It is time we take a national, comprehensive approach to crime fighting and to building a culture of peace and security. That approach must involve the social interventionist initiatives advocated by human-rights and social activists, but it must also include hard policing and tough measures. It must involve community policing, social development, employment creation, justice reform, police reform, changing of values and attitudes, but also curfews, cordon-and-searches, going after guns, smashing gangs, and hunting down criminals aggressively.
No one set of strategies will work. And we don't have time to fix all our social problems and get robust economic growth before more lives are sacrificed. This crime problem has proved intractable over the years. And we should now learn our bitter lesson that security should not be politicised. We must stop this nonsense of believing that any political party has a better handle on crime than the other, or that we are safer in our houses under any particular political party.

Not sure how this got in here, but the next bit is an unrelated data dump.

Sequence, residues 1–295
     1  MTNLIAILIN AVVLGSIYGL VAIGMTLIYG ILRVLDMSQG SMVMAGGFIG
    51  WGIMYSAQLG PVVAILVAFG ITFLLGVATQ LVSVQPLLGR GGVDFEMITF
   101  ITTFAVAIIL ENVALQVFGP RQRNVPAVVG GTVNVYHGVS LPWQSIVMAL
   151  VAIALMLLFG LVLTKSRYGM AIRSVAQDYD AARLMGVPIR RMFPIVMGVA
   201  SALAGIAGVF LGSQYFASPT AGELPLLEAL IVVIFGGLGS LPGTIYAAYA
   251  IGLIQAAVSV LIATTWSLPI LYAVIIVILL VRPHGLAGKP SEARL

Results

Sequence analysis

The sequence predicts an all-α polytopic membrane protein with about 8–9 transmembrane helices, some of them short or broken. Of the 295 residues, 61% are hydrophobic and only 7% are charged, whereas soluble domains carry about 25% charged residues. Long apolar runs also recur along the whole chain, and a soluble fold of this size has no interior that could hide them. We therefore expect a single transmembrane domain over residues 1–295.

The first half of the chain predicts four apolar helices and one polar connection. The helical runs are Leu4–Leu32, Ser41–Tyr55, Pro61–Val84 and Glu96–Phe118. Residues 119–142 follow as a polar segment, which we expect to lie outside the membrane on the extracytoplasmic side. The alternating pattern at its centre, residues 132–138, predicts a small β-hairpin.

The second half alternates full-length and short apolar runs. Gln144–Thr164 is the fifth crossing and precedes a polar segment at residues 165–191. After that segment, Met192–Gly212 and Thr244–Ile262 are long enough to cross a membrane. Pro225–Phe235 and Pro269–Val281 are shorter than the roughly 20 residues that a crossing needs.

I recently went back to an article I wrote on May 17, 2009, titled 'New minister, old problems'. This is how it begins: "A new minister of national security, a new broadcast to the nation, new expectations but the same old intractable crime problems. The national security ministry has been the burial ground for many a hopeful minister. Why would it be any different for Dwight Nelson?"
You know the answer now. I knew it from then. I went on: "Dwight Nelson has taken over at an inauspicious time: a time when resources are scarce and frustrations high." What has changed with that, too?